Sometimes loved, mostly tolerated: Homeless dogs face cruelty all the timeA Kathmandu ward chair’s biting remarks raise questions about how to manage community canines that many say are a menace.
Earlier this week, at the sixth municipal executive meeting of the Kathmandu Metropolitan City, a ward chairperson made a biting remark against community dogs.
Taking special time to speak in the meeting, Dal Bahadur Karki, the chair of ward 30, said he has been searching for poison to kill stray dogs but he had yet to get it.
“I am ready to kill 2,500 dogs in a day. I can do it because earlier also I have killed stray dogs,” said Karki, adding that stray dogs are posing a big problem in his ward and creating inconvenience for the public, mostly during the night.
Karki’s statement comes amid Kathmandu Mayor Balendra Shah’s announcement to extend the Manumitra project, a stray dog management programme, to 12 months. The dog management campaign was introduced in 2016 but it has largely been ineffective.
In March 2016, the KMC had signed an agreement with the Humane Society International and the Jane Goodall Institute Nepal to manage street dogs within three years. For the same fiscal year, the City had allocated Rs35 million to control stray dog population through sterilisation.
At Sunday's meeting, many ward chairs said the Manumitra project was a failure and the City should seriously reconsider the issue of stray dog management.
That stray dogs are a menace has been a common refrain among city residents, but Karki’s statement on Sunday has ruffled quite some feathers.
Those working for the welfare of animals, including the canines, say killing dogs, like Karki suggested, is not a solution.
Many ward representatives who were present at Sunday’s meeting called Karki's remarks “inhumane” and said that such statements would send a wrong message to the public.
“This will send a wrong message to all the 77 districts, because there are more dog lovers,” said Ishwar Man Dangol, chairperson of ward 16 who is also the former spokesperson for the KMC, in response to Karki’s statement.
The Federation of Animal Welfare Nepal on Monday issued a press release, expressing grave concerns about Karki's statement and urged the authorities concerned to take action against him.
“Nepal itself is a member of the World Organisation for Animal Health but such an irresponsible statement from an elected representative is shameful,” it said.
Sneha Shrestha, president of the Federation, said her organisation has filed a case against Karki at Patan High Court in Lalitpur on Wednesday.
“Initially, we had planned to lodge a complaint with Nepal Police in Teku on Tuesday, but we were aware that he won’t come, so we decided to file a case in the court,” said Shrestha.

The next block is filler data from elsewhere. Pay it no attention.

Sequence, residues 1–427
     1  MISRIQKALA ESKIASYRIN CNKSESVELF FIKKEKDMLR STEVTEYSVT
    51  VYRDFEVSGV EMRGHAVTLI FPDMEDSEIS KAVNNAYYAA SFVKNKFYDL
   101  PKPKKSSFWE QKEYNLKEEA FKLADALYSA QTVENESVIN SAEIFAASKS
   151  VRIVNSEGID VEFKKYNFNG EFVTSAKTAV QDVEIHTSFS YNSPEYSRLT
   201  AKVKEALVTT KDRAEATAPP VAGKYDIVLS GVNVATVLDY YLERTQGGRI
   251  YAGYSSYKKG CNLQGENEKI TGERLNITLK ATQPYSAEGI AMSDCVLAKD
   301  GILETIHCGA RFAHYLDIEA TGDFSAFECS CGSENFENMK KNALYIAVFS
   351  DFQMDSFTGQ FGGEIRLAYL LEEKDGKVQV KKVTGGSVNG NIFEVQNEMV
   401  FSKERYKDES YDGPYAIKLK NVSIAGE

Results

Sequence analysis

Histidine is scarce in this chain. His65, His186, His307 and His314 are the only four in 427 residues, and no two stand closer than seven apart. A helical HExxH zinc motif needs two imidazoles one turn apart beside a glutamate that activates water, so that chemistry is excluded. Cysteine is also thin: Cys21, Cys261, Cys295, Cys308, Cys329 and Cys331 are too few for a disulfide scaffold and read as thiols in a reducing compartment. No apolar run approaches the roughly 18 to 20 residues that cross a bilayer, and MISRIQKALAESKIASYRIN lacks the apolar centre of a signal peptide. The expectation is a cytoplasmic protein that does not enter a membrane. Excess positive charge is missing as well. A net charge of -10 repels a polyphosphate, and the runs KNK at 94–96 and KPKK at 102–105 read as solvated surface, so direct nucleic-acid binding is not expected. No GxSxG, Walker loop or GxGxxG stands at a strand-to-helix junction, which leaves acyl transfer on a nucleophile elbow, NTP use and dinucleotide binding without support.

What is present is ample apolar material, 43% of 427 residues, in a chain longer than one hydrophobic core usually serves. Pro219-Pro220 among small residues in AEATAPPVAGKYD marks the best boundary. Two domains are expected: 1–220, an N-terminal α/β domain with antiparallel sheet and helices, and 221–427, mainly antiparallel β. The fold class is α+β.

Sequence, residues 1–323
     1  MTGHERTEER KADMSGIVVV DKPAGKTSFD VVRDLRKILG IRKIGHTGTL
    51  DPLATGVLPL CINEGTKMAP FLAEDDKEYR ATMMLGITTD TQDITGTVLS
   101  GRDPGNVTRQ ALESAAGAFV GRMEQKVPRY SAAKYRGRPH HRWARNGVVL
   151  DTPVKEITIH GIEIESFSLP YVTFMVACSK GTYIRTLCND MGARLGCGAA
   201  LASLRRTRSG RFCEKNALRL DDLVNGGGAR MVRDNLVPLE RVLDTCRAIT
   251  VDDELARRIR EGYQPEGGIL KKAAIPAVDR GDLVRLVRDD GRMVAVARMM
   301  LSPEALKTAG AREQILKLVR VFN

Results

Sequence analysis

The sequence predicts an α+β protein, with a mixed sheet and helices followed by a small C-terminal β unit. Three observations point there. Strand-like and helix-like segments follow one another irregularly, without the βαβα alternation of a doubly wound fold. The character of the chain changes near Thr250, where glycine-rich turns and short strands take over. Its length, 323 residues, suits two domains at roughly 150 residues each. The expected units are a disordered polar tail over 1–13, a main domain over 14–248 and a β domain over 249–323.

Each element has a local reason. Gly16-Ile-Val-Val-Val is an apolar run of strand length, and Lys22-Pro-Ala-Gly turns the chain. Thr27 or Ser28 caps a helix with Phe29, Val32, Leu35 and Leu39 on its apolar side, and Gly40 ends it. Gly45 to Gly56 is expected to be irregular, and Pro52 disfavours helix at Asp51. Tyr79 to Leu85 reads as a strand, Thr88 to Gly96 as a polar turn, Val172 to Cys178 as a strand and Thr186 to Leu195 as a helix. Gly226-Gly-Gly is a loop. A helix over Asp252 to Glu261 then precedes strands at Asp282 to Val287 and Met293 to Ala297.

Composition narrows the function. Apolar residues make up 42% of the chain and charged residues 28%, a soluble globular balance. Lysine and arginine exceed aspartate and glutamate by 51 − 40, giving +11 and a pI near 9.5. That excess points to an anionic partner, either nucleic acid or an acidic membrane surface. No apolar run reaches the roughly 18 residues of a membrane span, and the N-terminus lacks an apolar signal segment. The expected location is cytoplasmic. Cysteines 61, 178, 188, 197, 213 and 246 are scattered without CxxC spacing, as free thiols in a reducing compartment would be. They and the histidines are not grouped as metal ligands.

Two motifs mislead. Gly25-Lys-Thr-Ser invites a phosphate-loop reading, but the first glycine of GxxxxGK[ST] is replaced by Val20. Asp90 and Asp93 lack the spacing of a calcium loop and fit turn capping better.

A hearing has been scheduled for Thursday.
Shrestha added that Karki himself has admitted he has killed dogs in the past and that is enough evidence to initiate action against him.
Dogs are said to be man's best friends, but the homeless canines often face cruelty at the hands of humans—in capital Kathmandu and other parts of the country.
In September 2019, a video of a tractor carrying scores of dogs—some dead and other semi-conscious—had made rounds on social media to widespread outrage. Then in April 2021, a video showing two men pummeling a dog too drew flak from animal rights activists.
Earlier, in January 2017, activists had protested in front of the Civil Aviation Authority of Nepal after dogs were shot dead at the Tribhuvan International Airport.
Sital Kaji Shrestha, president of the Nepal Veterinary Association, said the statement by the elected representative is condemnable, adding it is “not only irrational but barbaric.”
“Over two decades ago, many local bodies even used strychnine poisoning to tame street dogs,” said Shrestha, who is also the founder and general secretary of SAARC Regional Veterinary Association. “It was a big question to the whole human civilisation.”
He said the best way to control stray dogs is to implement animal birth control programmes and policies.
“The City can come up with a dog population management programme. For that we can provide technical assistance,” said Shrestha.
Although the KMC does not have the exact data, estimates suggest Kathmandu alone has over 24,000 stray dogs, according to Dangol, the former spokesperson at KMC.
A decade ago, the City had estimated its stray dog population at 26,000, and animal experts estimate that the number must have gone up.
According to Shrestha, the veterinarian, stray dog management is necessary also because it helps human health.
If dog-bite and rabies cases are going up, homeless canines should be managed in an effective way and killing them is not a solution, experts say.
Only with effective programmes and policies can the cases of dog-bite and rabies be reduced, according to Shrestha.
Nepal aims to eliminate dog-transmitted rabies by 2030, a target set by the World Health Organisation, but the government data show that dog-bite cases have been rising every year. As a result, the demand for anti-rabies vaccine has also increased.
In the fiscal year 2019-20, altogether 35,250 people throughout the country sought anti-rabies vaccines at state-run health facilities. The number of victims—mostly of dog attacks—rose to 56,619 in the fiscal year 2020-21. And the number of people who sought anti-rabies vaccine was 22,627 five years ago (in the fiscal year 2016-17).
Shrestha even criticised the City for spending over Rs20 million annually in the name of controlling stray dogs but failing to bring about any changes.
He said the best way to control the dog population is through castration and the City should start the drive immediately from its respective wards making an anti-rabies vaccination programme more effective.
“If the biggest municipality in the country doesn’t take any measures,” Shrestha said, “and elected representatives speak such nonsense, we can never manage street dogs.”